While greenhouses naturally keep warm all summer long, the winter months can see temperatures plummet. This, in turn, can slow down plant growth or even risk killing more frost-sensitive plants. Naturally, many of us think about how best to keep our greenhouse warm in winter.
Fortunately there are a host of ways to keep your greenhouse warm in winter. However before we look at the individual strategies you can employ it’s worth pointing out the benefit of investing in a decent thermometer to track and monitor temperatures in your greenhouse.
The best greenhouse thermometers store temperature readings so they can be accessed at a later date. While traditional min/max thermometers are certainly better than nothing, for a more holistic view consider a thermometer that continually monitors the temperature, and then provides a detailed record on request.
You’ll be able to see, for example, how temperatures vary throughout the day (and night) and how extreme weather affects your greenhouse temperature.
In doing so you can gain a far better overall view of how warm your greenhouse is at different times of day and in different weather. This can help guide the process of warming up your greenhouse, letting you make informed decisions about how much effort you’ll need to put in.
Increasing greenhouse temperatures by a few degrees just to keep it frost-free is reasonably simple. In contrast, if you’re looking to grow more tropical plants you’ll likely want to reach far warmer internal temperatures, which may require rather more effort and equipment.
With that said, let’s take a look at some simple and cost-effective ways to warm up your greenhouse in winter...
Clean Your Greenhouse
Let’s start with the basics. Greenhouses naturally warm up when sunlight passes through the glass or plastic panes and gets trapped inside. This means that the more sunlight your greenhouse emits, the better.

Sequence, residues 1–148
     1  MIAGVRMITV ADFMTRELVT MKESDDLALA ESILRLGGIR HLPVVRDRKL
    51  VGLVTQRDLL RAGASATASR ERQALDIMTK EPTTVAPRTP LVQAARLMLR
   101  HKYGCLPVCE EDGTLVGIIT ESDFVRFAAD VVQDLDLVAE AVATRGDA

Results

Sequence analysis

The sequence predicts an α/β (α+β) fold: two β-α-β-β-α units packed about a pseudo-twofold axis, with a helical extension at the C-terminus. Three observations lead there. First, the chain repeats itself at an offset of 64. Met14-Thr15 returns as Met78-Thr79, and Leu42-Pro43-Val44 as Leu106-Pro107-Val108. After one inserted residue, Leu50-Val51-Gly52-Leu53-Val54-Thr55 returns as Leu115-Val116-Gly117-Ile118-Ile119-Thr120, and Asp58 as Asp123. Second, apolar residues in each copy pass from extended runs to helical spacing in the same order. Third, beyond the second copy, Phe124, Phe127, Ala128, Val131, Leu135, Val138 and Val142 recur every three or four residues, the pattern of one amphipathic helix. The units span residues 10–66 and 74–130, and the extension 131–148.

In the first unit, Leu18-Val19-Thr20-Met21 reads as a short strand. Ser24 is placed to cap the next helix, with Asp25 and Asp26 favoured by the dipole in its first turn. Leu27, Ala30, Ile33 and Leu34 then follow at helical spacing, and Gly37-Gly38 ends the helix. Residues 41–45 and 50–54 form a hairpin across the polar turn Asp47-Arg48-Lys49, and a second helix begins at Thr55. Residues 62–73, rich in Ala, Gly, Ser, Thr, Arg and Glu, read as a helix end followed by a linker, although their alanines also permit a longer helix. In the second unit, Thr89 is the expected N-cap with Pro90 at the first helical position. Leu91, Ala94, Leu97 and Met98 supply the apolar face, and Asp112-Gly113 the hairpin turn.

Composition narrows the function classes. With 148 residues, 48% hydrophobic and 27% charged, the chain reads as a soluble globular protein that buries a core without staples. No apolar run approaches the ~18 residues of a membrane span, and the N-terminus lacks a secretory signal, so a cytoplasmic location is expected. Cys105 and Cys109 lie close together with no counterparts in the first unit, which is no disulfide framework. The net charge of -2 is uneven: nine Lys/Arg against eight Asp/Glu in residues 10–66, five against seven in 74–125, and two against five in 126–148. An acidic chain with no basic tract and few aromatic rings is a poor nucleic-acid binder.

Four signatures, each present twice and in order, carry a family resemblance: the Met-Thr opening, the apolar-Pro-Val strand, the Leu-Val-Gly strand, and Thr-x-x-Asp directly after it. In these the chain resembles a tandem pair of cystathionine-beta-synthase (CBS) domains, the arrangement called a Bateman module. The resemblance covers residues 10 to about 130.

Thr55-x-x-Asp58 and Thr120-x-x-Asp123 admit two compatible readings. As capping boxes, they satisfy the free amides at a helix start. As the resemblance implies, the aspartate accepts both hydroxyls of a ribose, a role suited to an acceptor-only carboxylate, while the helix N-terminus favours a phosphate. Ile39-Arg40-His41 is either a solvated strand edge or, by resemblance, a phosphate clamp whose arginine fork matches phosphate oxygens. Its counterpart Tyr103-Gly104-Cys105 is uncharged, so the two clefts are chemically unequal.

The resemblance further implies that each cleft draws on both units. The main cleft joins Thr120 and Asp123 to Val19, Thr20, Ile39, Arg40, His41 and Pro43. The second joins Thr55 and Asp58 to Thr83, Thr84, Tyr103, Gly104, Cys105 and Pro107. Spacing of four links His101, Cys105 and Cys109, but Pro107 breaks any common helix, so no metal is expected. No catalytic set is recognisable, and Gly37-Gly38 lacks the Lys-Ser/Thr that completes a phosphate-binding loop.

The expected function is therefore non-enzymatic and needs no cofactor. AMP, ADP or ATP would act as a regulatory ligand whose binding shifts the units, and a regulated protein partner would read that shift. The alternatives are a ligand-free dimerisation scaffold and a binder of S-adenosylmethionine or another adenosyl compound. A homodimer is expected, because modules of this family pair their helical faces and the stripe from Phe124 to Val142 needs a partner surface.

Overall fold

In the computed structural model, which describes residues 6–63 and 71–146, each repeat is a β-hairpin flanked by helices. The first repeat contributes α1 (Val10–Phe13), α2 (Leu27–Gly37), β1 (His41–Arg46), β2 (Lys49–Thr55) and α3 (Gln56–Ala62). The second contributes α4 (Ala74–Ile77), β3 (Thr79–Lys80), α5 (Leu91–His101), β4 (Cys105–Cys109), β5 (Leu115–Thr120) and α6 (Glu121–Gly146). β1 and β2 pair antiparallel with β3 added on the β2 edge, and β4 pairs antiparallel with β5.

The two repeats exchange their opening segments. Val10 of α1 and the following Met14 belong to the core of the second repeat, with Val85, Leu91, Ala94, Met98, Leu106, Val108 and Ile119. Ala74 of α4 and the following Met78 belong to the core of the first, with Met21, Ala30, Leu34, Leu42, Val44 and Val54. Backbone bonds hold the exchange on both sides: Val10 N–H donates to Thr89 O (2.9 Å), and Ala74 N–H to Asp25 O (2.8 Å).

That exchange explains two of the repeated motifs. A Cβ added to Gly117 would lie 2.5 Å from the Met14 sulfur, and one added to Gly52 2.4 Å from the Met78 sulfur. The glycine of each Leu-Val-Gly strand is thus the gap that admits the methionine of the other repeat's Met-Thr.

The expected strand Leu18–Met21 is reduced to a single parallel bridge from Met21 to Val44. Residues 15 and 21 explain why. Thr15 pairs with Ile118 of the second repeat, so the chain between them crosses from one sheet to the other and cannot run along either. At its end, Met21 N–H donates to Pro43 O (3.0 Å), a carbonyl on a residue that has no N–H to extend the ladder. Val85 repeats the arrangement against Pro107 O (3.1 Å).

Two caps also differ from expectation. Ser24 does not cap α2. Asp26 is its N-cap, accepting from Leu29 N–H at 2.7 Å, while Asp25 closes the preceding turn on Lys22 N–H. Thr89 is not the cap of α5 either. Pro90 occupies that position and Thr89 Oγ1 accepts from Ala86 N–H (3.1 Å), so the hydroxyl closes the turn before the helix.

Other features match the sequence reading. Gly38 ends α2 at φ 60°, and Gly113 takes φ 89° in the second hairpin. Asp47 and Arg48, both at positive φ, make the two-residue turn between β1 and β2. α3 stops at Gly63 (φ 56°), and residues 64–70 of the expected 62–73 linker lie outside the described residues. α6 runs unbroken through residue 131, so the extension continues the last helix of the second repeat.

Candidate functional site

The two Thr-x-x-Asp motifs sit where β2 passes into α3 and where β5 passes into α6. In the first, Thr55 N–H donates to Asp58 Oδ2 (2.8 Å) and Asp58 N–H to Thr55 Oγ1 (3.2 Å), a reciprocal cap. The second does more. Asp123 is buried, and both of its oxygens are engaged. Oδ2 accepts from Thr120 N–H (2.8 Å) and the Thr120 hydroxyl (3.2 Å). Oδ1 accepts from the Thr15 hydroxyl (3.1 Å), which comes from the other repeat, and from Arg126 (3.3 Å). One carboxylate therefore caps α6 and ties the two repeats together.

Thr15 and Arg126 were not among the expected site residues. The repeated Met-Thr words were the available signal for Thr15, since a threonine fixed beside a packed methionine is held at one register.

Putting aside the obvious step of putting your greenhouse in the sunniest spot available, a good first step to keeping your greenhouse warm in winter is giving it a good clean. Remove any algae, dirt, dust or bird mess to ensure as much winter sun can pass through as possible.
There are specialist greenhouse cleaning liquids that are plant-safe to use. Alternatively if you think your greenhouse can stand up to it a pressure washer may be used.
Uncontrolled draughts can be your enemy when it comes to retaining heat in a greenhouse. After all, we know from school science classes that hot air rises. Combine this with windy winter weather and a draughty greenhouse and it’s clear a lot of heat can be lost unnecessarily.
Before the worst of the winter weather sets in it can be a good idea to inspect your greenhouse for any potential draughts. For example, have any glazing panels moved slightly during the season? Have any bolts become loose, or any parts of the frame become misshapen?
Also consider how well doors and roof vents fit, and if necessary replace insulation strips around them, just as you might for double-glazed windows and doors in your home.
If necessary use a silicone sealant to cover gaps and reduce the loss of warm air.
Add Extra Insulation
Another way to retain warmth in your greenhouse is to consider adding more insulation. Two common materials are horticultural fleece or bubble wrap. Both can be fitted to the inside of your greenhouse using specialist fittings available from most good garden centers.
Utilize Organic Matter
Rotting organic matter can produce a surprising amount of heat.
Setting up a compost bin inside your greenhouse can help to produce warmth all winter long. Fill it with leaf litter gathered from around your yard, vegetable peelings, grass clippings and so on.
The more it rots down, the greater the warmth will be, so aim to start the process nice and early.